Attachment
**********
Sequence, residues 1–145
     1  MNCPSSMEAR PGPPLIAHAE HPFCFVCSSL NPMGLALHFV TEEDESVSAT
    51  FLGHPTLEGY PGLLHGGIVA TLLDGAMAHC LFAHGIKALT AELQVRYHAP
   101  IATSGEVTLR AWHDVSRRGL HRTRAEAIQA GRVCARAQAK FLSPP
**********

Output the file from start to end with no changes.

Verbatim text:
Sequence, residues 1–145
     1  MNCPSSMEAR PGPPLIAHAE HPFCFVCSSL NPMGLALHFV TEEDESVSAT
    51  FLGHPTLEGY PGLLHGGIVA TLLDGAMAHC LFAHGIKALT AELQVRYHAP
   101  IATSGEVTLR AWHDVSRRGL HRTRAEAIQA GRVCARAQAK FLSPP